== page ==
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The U.S. economy surged in the fourth quarter growing at 5.7 percent. The growth exceeded the expectations of economists, who predicted a 4.8% growth in a survey last fall. This also marks the fastest growing quarter since 2003. Does this mean the economy's roaring back to life? Is job growth on the way? Business writers are welcoming the news, though with a few caveats.

  • Uncork the Champagne! smiles Edward Harrison at Credit Writedowns: "This is a big number and it means a technical recovery IS indeed at hand.  You don’t get 5.7% in a recession."
  • Unequivocally Good News, celebrates Jack Ablin, Chief Investment Officer at Harris Private Bank in Chicago: "Wow, great number. It's very solid and gives us a running start into the second half of the year when we can't rely on government stimulus. That's part of the plan, to get us moving as fast as possible so when life support is removed we'll have a pulse.
  • Don't Get Carried Away, This Was an 'Inventory Bounce,' writes Steve Mufson at The Washington Post: "Many economists ... warn against reading too much into a jump in GDP figures for the last three months of 2009. Ed Yardeni, president of Yardeni Research, said that even if there were no change in final sales of goods, the GDP figures would show a 4 percent increase simply because businesses that were emptying their warehouses a year ago are now buying enough goods to keep stockpiles steady."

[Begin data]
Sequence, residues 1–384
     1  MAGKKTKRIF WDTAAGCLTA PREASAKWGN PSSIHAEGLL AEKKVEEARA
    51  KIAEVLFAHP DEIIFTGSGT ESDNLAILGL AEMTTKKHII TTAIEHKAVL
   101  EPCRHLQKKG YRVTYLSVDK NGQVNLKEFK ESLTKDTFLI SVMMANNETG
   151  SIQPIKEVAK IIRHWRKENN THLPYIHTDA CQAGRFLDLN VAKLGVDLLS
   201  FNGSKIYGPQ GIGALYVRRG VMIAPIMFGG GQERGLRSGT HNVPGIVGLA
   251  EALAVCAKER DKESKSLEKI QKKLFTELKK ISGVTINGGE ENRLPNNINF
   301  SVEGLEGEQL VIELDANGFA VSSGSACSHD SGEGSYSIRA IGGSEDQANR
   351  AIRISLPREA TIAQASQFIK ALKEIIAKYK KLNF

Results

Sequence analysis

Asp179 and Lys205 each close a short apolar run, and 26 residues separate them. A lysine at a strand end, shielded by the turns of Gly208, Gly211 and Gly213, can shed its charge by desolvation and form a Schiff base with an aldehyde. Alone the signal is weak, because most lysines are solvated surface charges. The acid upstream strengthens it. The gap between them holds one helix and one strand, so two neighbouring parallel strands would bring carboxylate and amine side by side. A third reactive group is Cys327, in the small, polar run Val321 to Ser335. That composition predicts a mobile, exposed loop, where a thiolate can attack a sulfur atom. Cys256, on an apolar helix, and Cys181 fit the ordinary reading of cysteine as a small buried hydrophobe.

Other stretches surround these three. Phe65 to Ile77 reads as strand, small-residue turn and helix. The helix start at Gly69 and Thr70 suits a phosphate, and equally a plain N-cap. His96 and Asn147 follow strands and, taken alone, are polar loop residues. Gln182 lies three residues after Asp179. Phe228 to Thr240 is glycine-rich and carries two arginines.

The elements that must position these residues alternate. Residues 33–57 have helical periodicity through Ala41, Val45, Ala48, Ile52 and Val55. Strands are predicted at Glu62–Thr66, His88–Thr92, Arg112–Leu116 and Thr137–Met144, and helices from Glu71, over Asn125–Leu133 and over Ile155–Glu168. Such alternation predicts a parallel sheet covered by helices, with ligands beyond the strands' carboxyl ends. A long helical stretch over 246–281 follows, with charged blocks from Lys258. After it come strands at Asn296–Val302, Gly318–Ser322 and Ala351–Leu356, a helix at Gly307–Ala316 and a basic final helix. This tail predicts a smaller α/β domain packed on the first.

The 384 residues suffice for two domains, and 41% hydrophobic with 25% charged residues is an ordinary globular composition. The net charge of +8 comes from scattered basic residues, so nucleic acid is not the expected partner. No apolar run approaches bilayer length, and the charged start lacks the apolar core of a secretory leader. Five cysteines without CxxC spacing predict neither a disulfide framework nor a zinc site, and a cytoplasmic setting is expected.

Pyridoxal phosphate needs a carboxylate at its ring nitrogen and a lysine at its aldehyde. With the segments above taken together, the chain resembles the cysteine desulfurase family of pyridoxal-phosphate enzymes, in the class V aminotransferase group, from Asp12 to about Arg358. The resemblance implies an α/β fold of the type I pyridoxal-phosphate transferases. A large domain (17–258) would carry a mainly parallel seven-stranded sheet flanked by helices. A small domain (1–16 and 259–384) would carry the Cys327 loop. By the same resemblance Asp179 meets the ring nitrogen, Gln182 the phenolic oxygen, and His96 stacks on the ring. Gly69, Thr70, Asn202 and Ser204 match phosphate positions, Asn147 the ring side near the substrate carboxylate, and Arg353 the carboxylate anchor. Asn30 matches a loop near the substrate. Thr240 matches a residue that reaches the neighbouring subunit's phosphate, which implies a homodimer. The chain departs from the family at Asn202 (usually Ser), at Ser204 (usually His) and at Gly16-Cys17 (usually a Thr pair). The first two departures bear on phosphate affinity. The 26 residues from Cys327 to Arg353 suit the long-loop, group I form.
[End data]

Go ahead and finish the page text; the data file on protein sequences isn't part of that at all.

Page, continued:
• Too Early to Say for Job Outlook, writes Matthew Yglesias at Think Progress: "5.7 percent is a very good number. If we could sustain something like that for a little while then we’d start to make progress on the labor market. But the worrying thing here is that so much of the growth represents inventory shifts. The recession left firms with large excess inventories, then we had a few quarters in which inventory draw-down impeded growth, and what we saw in Q4 was the end of that process."
  • What to Watch for Next  A Daily Kos economics blogger says: "What everyone is watching is sustainability.  If gas prices go up too much, or as the effect of last year's stimulus plan begins to wane, can gains be sustained?  And noboby is talking about declining unemployment yet.  On that, the jury is very much out."

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